If you are wondering what Fiona Apple did in the seven years between albums, the answer could be: Housework.
After a much buzzed-about return to the stage at the South By Southwest (SXSW) festival in Austin, Texas, in March, the 34-year-old is back with The Idler Wheel Is Wiser Than The Driver Of The Screw And Whipping Cords Will Serve You More Than Ropes Will Ever Do, the arduously-named but critically well-received album that follows 2005's Extraordinary Machine.
The husky-voiced US singer-songwriter, who broke out with the 1997 hit Criminal, was rumoured to have let her long-standing problems with stage fright hold her back from returning to performing.
While Apple has admitted to battling obsessive compulsive disorder (OCD), she recently expounded on how housekeeping kept her busy for most of the time she was away.
"Half the problem is practical. I am someone who needs to keep my house clean. I, by principle, don't want to have a maid, but how do people do anything and take care of their house?" she told Billboard.
"Laundry and vacuuming and dishes... So that will take time, and then I'm tired, and I'm like, 'I guess my work day is over.'"
Apple has been gushed over as one of the best songwriters of her generation - by director Quentin Tarantino and many best-of lists by magazines like Rolling Stone - but she has struggled to keep herself productive after the critical success of her albums Tidal (1996), When The Pawn... (1999) and Extraordinary Machine.
Discussing the length between albums, Apple continued: "Seven years wasn't intentional. It's just because I'll finish something and then two years will go by where I don't touch the piano.
"I'm jokey about it and I say I'm lazy - and I am sometimes, but with studio work, I really don't like to work. I like to perform, I like to write, but I don't like to have to go in and record."
Her break between her most recent albums is not her first - she went on hiatus after a public meltdown in 2000.
Apple, who has had a history of problems with performing live, broke down during a concert at New York City's Roseland Ballroom in 2002, complaining about the venue's sound system, crying, and then walking off the stage just 40 minutes into her set.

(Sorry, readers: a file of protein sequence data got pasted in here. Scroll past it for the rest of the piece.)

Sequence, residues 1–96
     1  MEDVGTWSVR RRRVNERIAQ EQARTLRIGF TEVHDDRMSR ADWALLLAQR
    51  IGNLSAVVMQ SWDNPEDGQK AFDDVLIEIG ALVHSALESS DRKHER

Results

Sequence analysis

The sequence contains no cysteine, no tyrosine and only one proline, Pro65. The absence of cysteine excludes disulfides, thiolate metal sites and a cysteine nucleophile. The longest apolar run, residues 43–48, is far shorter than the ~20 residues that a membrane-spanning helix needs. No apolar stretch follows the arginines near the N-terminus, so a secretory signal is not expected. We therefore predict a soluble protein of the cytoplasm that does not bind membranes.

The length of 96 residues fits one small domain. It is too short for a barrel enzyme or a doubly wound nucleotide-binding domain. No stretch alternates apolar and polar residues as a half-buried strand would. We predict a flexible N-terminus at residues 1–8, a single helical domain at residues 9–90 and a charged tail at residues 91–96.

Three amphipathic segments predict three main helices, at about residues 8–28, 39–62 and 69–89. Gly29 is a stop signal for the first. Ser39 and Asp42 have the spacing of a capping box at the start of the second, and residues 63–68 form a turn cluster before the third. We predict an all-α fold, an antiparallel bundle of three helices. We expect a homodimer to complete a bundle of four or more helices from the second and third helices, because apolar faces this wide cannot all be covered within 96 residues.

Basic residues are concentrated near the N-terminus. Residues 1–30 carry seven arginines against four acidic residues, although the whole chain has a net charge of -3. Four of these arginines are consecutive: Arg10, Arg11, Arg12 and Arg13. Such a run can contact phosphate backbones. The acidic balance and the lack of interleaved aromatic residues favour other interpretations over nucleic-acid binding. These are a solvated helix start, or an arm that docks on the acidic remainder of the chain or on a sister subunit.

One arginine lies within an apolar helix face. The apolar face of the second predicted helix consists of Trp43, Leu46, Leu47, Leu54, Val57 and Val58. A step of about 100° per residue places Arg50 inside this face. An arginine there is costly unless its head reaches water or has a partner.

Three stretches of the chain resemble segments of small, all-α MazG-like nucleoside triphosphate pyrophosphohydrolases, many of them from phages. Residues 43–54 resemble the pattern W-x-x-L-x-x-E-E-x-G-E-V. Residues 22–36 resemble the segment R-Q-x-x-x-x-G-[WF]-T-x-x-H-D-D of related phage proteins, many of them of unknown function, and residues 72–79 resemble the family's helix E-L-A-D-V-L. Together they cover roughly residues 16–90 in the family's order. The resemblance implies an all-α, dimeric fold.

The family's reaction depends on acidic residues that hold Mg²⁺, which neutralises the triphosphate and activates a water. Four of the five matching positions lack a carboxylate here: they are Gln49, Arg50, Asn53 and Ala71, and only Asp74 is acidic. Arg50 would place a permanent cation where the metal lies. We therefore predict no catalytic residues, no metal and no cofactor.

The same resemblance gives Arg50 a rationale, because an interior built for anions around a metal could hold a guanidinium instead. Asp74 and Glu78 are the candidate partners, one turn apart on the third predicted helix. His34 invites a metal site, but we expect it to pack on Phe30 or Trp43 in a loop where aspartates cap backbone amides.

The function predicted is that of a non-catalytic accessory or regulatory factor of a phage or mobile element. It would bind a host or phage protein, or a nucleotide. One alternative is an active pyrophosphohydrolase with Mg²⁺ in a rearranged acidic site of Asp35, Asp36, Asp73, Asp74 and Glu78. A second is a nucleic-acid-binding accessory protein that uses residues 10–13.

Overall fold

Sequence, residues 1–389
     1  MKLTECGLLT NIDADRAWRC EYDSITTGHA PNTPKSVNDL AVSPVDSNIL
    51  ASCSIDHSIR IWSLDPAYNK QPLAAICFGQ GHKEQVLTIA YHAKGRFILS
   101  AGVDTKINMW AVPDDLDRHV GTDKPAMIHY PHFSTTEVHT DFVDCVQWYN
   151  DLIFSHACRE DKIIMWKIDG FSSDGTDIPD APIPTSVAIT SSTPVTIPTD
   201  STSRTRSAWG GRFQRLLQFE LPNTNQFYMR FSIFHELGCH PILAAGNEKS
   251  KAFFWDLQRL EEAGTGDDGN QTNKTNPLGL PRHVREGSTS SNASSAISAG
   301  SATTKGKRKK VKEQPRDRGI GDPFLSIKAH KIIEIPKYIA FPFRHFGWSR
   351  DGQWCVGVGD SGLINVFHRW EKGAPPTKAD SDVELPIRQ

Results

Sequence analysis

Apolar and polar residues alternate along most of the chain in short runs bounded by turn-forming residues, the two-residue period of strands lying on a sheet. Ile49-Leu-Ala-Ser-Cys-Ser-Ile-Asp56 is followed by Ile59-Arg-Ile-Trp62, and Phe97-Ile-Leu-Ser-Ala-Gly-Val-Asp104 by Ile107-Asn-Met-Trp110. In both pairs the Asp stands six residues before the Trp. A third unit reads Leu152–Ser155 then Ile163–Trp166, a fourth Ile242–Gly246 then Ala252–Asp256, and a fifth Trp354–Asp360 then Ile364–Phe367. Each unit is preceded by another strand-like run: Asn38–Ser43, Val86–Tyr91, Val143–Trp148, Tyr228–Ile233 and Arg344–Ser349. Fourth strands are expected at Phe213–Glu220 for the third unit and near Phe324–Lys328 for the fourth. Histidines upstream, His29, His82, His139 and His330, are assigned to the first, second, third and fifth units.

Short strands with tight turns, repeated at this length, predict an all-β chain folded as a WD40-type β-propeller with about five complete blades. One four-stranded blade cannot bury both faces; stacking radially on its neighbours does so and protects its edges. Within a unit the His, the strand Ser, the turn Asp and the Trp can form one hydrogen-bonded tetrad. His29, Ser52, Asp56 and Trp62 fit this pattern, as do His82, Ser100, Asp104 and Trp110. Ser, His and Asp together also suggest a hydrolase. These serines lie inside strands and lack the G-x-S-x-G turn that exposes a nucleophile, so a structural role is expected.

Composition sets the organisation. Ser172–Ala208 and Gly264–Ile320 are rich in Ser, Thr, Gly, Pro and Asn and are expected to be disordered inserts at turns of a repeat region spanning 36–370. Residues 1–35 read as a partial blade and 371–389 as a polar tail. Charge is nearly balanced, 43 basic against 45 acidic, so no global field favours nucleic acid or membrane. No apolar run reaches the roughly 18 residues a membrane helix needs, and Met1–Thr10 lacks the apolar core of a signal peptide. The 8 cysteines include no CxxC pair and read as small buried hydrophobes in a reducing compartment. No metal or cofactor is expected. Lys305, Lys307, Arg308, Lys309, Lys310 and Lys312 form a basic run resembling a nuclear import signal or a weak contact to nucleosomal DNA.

But looking much more at ease in the public eye recently, she went on US comedian Jimmy Fallon's latenight talk show last week to address the incident, saying: "The short answer is that I'm a human being. And that I was reacting to life."
On stage at SXSW, she pulled through a set of old and new songs, but mocked her own stage fright by screaming to the crowd at one point: "You're imaginary, you're all in my head! You're not real!"
Apple's quirks come at a price. She's suffered from OCD for most of her life, telling New York magazine recently that as a child, she would run around the kitchen table 88 times, for each key on the piano.
"At its worst, I was compelled to leave my house at three o'clock in the morning and go out in the alley because I just knew that the paper-towel roll I threw in the recycling bin was uncomfortable, like it was lying the wrong way, and I would be down in the garbage," she related in an interview for the June issue of Elle magazine.
But with a new musical direction - for her latest album, she ditched longtime collaborator Jon Brion for a new producer, her tour drummer Charley Drayto - comes a sense that Apple is getting better at dealing with her issues.
On the song Left Alone from The Idler Wheel, Apple sings: "I don't cry when I'm sad anymore".
Explaining her newfound sentiments to indie music website Pitchfork, she said: "When things are really bad nowadays, I recognise the value in it because it's me filling my quota - it's going to make my joy more intense later.
"Now, at my lowest moments, I think of people who come to shows. I still get very sad and sometimes I feel like I have no friends, but when that happens now, I'll think of people whose names or faces I don't know - they're my friends and they love me. I've got them. It really does save me. I still feel awkward, but that's the one thing I can grab onto at my lowest points."
This article was first published in The New Paper.